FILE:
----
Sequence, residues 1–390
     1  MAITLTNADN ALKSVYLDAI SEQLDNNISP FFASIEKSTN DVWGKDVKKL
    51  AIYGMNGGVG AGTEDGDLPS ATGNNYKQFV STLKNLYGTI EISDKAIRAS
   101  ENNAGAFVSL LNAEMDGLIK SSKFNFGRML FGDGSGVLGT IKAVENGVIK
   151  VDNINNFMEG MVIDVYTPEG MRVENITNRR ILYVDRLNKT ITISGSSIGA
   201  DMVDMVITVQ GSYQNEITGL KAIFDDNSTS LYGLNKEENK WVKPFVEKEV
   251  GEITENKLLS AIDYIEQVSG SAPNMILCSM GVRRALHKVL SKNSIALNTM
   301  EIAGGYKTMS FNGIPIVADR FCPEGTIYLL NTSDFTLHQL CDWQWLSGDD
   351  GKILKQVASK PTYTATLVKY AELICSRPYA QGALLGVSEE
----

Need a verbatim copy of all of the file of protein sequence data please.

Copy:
Sequence, residues 1–390
     1  MAITLTNADN ALKSVYLDAI SEQLDNNISP FFASIEKSTN DVWGKDVKKL
    51  AIYGMNGGVG AGTEDGDLPS ATGNNYKQFV STLKNLYGTI EISDKAIRAS
   101  ENNAGAFVSL LNAEMDGLIK SSKFNFGRML FGDGSGVLGT IKAVENGVIK
   151  VDNINNFMEG MVIDVYTPEG MRVENITNRR ILYVDRLNKT ITISGSSIGA
   201  DMVDMVITVQ GSYQNEITGL KAIFDDNSTS LYGLNKEENK WVKPFVEKEV
   251  GEITENKLLS AIDYIEQVSG SAPNMILCSM GVRRALHKVL SKNSIALNTM
   301  EIAGGYKTMS FNGIPIVADR FCPEGTIYLL NTSDFTLHQL CDWQWLSGDD
   351  GKILKQVASK PTYTATLVKY AELICSRPYA QGALLGVSEE